Although normal E.coli cells can synthesize all the amino acids, some mutants called amino acid auxotrophs, are unable to synthesize specific amino acids and require the addition of that amino acid to the culture medium for optimal growth. In addition to their role in protein synthesis, specific amino acids are also required in the biosynthesis of other nitrogenous cell products. Consider the three amino acid auxotrophs that are unable to synthesize glycine, gjlutamine and aspartate, respectively. For each mutant what nitrogenous cell products, other than proteins, would fail to be synthesized.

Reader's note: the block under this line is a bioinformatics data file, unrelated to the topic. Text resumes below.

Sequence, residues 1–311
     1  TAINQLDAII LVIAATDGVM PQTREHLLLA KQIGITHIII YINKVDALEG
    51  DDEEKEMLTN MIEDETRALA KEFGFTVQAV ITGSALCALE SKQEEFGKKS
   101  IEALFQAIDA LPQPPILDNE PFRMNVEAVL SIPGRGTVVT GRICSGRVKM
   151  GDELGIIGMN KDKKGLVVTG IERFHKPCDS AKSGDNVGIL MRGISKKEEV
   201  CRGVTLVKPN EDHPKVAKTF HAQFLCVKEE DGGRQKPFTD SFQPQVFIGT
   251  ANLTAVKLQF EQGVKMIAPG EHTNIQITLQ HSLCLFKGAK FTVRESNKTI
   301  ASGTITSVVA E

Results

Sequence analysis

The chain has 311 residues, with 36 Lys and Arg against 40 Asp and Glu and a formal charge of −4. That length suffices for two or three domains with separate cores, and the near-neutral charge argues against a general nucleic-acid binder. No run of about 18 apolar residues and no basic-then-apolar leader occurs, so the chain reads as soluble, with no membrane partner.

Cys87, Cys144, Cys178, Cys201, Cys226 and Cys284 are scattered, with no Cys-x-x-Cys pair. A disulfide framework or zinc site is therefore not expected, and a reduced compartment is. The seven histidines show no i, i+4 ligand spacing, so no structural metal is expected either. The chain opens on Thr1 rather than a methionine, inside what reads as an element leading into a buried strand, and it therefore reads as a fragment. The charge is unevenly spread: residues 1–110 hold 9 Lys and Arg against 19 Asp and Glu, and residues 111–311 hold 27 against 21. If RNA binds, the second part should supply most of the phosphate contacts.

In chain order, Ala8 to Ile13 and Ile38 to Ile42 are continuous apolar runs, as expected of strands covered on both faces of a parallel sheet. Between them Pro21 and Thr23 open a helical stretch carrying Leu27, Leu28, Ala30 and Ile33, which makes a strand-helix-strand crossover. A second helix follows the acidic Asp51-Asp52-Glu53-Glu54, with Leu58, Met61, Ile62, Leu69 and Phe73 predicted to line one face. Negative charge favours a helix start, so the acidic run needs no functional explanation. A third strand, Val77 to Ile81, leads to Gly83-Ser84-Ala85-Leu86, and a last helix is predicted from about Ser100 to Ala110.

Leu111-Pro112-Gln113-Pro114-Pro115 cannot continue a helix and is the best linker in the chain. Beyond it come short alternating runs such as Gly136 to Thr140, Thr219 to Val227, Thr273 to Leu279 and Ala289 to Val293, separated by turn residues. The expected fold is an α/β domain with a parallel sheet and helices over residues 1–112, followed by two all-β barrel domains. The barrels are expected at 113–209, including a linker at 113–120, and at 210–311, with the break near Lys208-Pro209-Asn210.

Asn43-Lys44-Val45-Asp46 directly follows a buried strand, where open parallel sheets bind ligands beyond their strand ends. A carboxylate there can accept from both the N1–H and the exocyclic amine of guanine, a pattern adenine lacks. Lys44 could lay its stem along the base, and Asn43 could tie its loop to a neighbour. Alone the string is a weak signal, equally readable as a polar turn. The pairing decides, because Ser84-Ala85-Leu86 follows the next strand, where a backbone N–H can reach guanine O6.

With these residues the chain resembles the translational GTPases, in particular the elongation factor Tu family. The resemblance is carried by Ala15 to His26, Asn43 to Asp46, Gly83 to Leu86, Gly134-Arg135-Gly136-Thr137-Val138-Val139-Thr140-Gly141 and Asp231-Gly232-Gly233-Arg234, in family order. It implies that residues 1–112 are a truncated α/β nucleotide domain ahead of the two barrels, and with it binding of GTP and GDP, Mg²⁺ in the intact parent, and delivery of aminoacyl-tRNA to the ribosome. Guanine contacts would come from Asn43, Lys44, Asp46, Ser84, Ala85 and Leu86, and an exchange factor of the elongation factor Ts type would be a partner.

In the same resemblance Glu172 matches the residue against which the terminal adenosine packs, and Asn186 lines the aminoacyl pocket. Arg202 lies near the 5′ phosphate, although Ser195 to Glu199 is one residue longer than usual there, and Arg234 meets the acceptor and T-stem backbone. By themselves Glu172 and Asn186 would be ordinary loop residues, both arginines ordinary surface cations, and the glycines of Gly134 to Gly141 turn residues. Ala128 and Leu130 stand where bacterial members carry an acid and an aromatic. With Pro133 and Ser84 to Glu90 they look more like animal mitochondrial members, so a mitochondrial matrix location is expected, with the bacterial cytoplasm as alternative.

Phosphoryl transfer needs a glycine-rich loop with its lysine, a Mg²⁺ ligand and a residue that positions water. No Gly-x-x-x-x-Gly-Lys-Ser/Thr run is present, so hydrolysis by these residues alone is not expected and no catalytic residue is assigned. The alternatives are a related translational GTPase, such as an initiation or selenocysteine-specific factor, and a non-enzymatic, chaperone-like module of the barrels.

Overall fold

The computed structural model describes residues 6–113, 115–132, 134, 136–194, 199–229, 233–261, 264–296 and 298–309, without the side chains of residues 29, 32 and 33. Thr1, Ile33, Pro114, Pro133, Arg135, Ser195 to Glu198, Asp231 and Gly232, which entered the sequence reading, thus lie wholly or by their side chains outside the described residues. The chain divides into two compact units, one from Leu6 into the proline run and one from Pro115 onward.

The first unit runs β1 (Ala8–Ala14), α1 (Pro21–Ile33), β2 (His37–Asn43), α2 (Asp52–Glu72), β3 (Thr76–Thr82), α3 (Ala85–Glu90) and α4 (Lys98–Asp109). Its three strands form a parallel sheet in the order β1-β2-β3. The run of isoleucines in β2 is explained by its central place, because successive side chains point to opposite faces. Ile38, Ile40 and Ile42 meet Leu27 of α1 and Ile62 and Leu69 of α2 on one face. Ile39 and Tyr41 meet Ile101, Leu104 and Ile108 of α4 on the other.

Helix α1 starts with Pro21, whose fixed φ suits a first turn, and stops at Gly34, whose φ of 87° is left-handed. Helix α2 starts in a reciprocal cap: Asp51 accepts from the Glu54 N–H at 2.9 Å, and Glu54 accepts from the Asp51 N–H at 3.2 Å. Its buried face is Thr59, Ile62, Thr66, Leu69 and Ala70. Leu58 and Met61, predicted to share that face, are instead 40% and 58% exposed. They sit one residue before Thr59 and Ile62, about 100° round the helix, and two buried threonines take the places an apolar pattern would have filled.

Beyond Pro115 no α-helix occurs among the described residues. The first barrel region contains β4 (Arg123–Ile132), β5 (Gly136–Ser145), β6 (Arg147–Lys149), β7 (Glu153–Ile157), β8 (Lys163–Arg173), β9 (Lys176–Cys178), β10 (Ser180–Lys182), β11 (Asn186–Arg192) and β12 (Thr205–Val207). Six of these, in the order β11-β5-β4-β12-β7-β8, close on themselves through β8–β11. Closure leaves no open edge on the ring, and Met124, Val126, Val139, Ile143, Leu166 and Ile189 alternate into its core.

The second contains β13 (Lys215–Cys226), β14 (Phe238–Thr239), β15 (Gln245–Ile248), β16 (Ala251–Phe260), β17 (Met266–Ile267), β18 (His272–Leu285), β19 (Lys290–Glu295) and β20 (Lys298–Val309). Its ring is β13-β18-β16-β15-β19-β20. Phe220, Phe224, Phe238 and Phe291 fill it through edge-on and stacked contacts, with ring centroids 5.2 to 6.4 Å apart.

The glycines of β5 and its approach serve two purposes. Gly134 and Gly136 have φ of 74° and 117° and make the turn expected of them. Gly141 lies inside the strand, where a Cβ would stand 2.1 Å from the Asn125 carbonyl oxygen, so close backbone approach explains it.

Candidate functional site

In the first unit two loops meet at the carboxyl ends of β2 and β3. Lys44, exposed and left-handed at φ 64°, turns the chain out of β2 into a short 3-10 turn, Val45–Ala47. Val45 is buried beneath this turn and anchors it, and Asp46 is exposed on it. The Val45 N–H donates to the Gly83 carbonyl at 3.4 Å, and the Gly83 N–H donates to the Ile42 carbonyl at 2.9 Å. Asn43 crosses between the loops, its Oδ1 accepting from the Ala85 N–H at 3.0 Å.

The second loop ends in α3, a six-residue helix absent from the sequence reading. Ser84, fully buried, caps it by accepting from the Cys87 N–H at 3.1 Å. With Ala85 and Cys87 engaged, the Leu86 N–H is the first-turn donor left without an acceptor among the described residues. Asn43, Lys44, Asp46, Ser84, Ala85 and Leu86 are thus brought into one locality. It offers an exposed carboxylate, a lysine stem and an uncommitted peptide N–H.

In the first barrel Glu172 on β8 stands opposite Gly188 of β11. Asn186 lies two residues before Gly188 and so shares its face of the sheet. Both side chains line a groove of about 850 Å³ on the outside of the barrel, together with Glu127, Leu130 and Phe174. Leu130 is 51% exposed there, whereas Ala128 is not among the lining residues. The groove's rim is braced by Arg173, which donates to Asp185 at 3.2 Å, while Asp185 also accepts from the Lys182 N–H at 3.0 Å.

The question really becomes, "What are glycine, glutamine and aspartate used to synthesize in the cells"?
If we know what glycine is used to produce, and glutamine is used to produce, and aspartate is used to produce, then we can easily answer the question because in these auxotrophs, they can't manufacture these simple amino acids.
Glycine: Glycine is a precursor of porphyrins. I don't know ...
This solution explains how glycine, glutamine and aspartate are respectively used to synthesize in the cells.